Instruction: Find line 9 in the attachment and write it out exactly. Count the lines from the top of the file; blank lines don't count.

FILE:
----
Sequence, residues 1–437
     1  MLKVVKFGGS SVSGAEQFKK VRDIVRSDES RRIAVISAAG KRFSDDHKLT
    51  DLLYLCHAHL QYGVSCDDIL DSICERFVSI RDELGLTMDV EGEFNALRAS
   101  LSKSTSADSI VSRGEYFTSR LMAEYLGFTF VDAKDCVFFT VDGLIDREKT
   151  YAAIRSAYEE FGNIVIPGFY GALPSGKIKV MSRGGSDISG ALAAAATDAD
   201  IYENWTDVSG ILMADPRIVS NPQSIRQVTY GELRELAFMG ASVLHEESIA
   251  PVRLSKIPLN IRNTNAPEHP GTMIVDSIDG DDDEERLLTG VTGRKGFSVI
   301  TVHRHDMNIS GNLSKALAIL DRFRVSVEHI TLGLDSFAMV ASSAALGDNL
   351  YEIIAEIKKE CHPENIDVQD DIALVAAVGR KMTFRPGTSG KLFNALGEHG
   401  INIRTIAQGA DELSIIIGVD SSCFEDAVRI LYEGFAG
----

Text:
   351  YEIIAEIKKE CHPENIDVQD DIALVAAVGR KMTFRPGTSG KLFNALGEHG